We never thought we’d say it, but we’re suddenly jealous of those who haven’t seen Sai Paranjpye’s Chashme Buddoor. At least they have the option of dismissing David Dhawan’s remake as a painfully unfunny comedy and not, as anyone who’s seen the 1981 film would, as the desecration of a classic. Gone is the innocence, which is hardly surprising. Gone too is the wit, the subtlety, the idea of comedy arising out of everyday life. All that’s left is the basic story – three roommates falling for the same girl – and the title with one vowel altered.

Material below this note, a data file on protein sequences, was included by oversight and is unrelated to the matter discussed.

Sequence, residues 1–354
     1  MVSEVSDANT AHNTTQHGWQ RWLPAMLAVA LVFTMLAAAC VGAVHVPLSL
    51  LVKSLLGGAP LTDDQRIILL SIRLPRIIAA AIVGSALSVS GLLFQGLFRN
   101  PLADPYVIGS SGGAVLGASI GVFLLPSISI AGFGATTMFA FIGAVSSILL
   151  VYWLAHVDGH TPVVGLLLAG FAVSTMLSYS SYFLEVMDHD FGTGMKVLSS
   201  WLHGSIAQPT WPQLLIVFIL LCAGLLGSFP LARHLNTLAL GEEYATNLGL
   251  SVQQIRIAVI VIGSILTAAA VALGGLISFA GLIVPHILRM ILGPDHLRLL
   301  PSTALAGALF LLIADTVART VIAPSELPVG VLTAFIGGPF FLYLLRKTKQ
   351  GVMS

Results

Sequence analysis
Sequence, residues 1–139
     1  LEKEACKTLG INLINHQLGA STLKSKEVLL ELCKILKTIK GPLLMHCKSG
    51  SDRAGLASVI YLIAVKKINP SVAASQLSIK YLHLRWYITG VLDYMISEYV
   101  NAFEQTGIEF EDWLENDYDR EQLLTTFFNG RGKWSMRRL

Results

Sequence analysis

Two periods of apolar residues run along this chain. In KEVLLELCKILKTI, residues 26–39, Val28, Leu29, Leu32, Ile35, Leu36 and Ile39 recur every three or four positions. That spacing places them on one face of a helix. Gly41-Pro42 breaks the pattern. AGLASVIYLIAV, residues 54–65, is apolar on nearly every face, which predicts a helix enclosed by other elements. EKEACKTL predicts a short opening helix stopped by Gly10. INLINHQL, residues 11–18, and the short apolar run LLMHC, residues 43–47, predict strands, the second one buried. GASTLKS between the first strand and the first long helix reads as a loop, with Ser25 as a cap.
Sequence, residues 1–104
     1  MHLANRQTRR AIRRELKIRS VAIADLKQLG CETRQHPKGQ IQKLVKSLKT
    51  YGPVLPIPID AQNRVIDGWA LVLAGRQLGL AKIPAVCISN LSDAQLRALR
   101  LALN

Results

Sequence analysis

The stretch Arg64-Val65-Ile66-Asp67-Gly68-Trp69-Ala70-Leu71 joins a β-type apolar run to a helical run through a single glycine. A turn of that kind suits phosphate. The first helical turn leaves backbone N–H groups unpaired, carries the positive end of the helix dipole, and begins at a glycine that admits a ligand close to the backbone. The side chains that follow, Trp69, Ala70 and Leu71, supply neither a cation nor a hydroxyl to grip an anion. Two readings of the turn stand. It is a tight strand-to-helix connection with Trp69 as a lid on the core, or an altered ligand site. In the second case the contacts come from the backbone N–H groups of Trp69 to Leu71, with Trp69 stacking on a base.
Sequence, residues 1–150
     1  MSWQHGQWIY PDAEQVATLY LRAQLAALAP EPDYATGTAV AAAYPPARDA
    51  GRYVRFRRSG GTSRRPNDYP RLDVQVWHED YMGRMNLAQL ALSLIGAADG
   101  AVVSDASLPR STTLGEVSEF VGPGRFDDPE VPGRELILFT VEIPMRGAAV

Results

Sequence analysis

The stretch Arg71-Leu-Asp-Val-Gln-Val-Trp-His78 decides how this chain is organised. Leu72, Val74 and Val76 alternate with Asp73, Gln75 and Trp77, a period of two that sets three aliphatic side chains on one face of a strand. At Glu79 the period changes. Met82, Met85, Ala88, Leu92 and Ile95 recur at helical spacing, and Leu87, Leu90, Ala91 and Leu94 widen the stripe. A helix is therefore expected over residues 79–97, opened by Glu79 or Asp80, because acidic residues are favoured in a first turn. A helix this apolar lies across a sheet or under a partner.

A lot of unfair comparisons might have been avoided if this film had not been branded an official remake. One would not, for instance, have to pit the four young leads of Baddoor against Buddoor’s sublime quartet of Farooque Shaikh, Deepti Naval, Rakesh Bedi and Ravi Baswani. It’s a no-contest, though Zafar is at least watchable, something that cannot be said for either Siddharth or Sharma. Pannu, whom Tamil cinema fans might remember from Aadukulam, spends most of the movie as a fetching smile and a pair of legs (she comes to life towards the end, when she has less grinning and more scolding to do).